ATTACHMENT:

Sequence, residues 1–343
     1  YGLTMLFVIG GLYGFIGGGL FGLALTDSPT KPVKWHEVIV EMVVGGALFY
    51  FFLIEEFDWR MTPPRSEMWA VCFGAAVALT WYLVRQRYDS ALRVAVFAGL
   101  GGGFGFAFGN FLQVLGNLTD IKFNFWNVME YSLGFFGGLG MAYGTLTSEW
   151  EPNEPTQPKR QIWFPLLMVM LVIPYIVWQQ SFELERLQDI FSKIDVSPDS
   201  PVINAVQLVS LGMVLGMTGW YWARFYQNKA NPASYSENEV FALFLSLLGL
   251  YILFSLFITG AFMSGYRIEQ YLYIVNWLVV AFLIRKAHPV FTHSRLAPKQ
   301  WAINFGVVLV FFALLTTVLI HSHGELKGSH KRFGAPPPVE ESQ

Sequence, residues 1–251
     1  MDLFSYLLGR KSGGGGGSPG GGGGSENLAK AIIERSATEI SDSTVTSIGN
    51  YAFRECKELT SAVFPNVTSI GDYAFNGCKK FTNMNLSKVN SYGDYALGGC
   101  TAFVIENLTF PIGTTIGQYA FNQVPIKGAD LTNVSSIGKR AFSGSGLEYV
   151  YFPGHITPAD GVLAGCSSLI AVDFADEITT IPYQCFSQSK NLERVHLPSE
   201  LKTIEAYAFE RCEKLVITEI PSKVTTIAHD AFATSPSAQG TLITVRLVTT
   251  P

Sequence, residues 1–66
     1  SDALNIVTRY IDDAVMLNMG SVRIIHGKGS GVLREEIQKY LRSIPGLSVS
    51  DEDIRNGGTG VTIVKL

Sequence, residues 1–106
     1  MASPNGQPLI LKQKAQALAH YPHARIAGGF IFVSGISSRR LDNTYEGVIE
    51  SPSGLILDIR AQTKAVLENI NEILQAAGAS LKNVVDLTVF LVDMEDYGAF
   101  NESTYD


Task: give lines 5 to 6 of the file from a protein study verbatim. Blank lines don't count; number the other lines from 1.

   151  EPNEPTQPKR QIWFPLLMVM LVIPYIVWQQ SFELERLQDI FSKIDVSPDS
   201  PVINAVQLVS LGMVLGMTGW YWARFYQNKA NPASYSENEV FALFLSLLGL